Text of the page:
When I read The Trial for the first time, I was underwhelmed. I’d read all these great writers who’d praised Kafka in interviews–they claimed he was the perfect genius, a standard to aspire to, a truly brilliant writer. But when I read The Trial, pretty much a year ago on the nose, I was left feeling “meh.”
Now, one year later, I’ve decided that I’m getting a Kafka tattoo–well, a drawing of his. A little bit of Kafka permanently inked into my flesh by thousands of little pinpricks. A little bit of Kafka always peeking out from under my rolled up sleeve. A little bit of Kafka dancing subtly on the flesh as the muscles of my forearms twitch at the keyboard or with a pen nestled into my fingers.
Why the sudden change of heart?
First off, I re-read The Trial, The Castle, The Metamorphosis, and plan on reading his entire story collection and Letters to Milena before I pull the trigger at the tattoo parlor. The strongest point of a Kafka novel–to me–is the way it’s unfinished. You reach the last page and it just stops. There’s more power in that to me than any of his words. That might be exaggeration, but the thought of Kafka sitting at a typewriter, so dissatisfied on so many levels, failing to finish his work–it moves me. Knowing how it must have weighed on him. How he must’ve driven himself mad over it.
The urge to re-read Kafka was paralyzing. I saw the bleak covers peeking out from my book-pile and forced myself through anything else I was reading in order to get my Kafka fix. I felt like a junkie. I needed Kafka. I was drawn. I related to him on a level that I’ve only ever related with David Foster Wallace.
I guess I’ve seen a Kafkaesque tint come over the day in and day out of my own life. Or at least, I’ve applied one through my own doing. I am overcome with anxiety about my future–my fears and the potential for failure. Even if my life isn’t necessary Kafkaesque–I think my blooming love for Kafka it has to do with my deepest fears: failure, humiliation, powerlessness.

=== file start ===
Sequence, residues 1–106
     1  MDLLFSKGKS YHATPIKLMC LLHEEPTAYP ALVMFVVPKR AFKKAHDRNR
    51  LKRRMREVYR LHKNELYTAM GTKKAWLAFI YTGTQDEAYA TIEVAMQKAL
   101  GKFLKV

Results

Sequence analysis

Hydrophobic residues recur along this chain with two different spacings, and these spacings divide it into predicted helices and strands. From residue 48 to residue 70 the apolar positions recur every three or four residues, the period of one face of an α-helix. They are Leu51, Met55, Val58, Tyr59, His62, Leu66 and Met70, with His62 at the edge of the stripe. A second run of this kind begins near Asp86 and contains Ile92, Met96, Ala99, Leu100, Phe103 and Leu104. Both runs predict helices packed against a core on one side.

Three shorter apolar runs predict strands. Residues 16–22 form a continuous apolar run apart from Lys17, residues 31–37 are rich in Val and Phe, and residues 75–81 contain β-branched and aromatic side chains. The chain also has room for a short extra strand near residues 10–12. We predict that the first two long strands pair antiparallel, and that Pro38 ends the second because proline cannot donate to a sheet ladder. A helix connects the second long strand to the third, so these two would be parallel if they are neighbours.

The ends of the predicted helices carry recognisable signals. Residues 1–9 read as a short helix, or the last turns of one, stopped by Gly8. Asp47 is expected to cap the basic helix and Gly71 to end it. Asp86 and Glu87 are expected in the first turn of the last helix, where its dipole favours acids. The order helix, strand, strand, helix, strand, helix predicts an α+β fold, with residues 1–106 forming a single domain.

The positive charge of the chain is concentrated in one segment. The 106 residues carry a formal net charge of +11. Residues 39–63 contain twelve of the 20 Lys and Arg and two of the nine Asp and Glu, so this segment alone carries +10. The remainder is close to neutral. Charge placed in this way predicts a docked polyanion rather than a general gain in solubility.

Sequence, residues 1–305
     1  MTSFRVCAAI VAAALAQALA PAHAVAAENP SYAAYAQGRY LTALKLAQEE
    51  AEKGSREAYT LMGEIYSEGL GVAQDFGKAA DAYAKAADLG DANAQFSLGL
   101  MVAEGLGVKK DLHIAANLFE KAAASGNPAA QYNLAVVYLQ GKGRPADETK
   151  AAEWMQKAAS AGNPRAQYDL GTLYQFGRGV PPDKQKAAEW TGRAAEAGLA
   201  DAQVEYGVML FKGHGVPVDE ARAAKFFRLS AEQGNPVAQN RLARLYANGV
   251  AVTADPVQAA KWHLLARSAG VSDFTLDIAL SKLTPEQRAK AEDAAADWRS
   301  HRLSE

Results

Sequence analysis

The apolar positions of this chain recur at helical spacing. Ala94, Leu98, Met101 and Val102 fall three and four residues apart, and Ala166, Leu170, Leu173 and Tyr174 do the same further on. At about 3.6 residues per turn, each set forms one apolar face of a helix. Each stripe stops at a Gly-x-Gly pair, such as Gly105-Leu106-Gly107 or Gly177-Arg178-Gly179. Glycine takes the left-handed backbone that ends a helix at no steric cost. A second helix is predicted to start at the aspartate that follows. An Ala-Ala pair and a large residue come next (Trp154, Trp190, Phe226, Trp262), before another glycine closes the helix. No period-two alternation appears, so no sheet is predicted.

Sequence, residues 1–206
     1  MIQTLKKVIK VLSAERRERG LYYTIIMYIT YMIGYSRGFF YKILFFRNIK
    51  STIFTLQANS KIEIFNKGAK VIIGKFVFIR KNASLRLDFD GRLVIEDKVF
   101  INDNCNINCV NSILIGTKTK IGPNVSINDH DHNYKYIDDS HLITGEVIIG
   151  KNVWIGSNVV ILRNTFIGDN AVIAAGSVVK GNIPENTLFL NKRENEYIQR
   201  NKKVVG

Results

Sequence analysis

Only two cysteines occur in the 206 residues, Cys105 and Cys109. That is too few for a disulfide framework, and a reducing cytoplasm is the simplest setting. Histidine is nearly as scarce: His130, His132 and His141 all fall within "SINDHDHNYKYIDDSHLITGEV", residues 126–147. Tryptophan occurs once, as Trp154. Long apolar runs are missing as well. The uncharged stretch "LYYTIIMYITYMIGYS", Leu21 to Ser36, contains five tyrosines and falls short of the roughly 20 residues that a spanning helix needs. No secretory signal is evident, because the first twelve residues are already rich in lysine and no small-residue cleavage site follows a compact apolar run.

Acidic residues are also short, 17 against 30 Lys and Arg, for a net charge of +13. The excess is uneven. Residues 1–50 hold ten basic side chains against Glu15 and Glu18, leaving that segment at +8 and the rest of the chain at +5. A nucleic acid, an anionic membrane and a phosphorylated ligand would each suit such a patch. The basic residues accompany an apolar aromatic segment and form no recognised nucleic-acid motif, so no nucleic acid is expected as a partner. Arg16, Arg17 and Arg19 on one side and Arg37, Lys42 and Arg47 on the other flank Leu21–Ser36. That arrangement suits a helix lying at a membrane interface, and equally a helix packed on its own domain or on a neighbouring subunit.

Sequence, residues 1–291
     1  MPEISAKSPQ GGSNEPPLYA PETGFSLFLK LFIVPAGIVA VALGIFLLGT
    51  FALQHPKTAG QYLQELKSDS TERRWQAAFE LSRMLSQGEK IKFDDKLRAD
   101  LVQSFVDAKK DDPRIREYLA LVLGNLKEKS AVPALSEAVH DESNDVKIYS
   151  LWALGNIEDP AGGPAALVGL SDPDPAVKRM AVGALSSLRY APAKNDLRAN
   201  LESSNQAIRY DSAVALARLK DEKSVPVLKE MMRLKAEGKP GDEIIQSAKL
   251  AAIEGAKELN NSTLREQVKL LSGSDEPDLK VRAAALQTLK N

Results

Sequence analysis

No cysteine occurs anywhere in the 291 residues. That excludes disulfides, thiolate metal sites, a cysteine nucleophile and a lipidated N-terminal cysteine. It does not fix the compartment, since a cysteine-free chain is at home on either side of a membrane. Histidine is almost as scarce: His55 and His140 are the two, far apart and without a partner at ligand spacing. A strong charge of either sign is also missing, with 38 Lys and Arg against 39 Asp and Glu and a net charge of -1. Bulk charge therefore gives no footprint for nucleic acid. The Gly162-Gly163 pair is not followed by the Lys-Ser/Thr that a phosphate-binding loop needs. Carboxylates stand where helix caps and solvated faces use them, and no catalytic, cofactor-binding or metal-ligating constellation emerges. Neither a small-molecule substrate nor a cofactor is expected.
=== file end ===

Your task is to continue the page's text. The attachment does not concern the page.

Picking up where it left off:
I have recurring dreams where I must engage in physical battle with opponents that should be easily defeated, yet I find my fists impotent, my body weak–I just bounce off whatever it is I’m meant to beat. I struggle, I wear myself down, I take beatings and I lose–normally in front of spectators. My opponent is unfazed. The ramifications are that I lose not only the battle, but whatever I was battling for. The crowd jeers. I am mocked, shamed, humiliated. I am a disappointment, an embarrassment to my family and friends, disowned and ignored by loved ones.
Summarily: I am not enough.
I have this nightmare at least weekly, and have had it for some time. And the more I analyze what I think it says about me, the more I feel my relation to Kafka’s works. I am powerless. There are forces bigger than me and unknown to me that know more about me than I do. They are in control–I have only the semblance of power over my destiny. Even when I attempt to take action, I will be–as in my dream–impotent. Just as Kafka when he wrote a letter to his abusive father, as the letter was kept from the man by Kafka’s mother. When he finally mustered up the cajones to write to his dad, to pour his heart into it, to let him know what the truth was, a power outside of himself denied him the satisfaction. He gave it all he could, but something bigger than he was shut it down. We are always fighting an omnipotent unknown. We will always lose.
I don’t think any writer captures what it means to be a human being–particularly an unhappy human being, one paralyzed by his own nature. One who fears that his life will transmogrify into nightmare–or even one whose life already has.
*For those of you unfamiliar with Franz Kafka*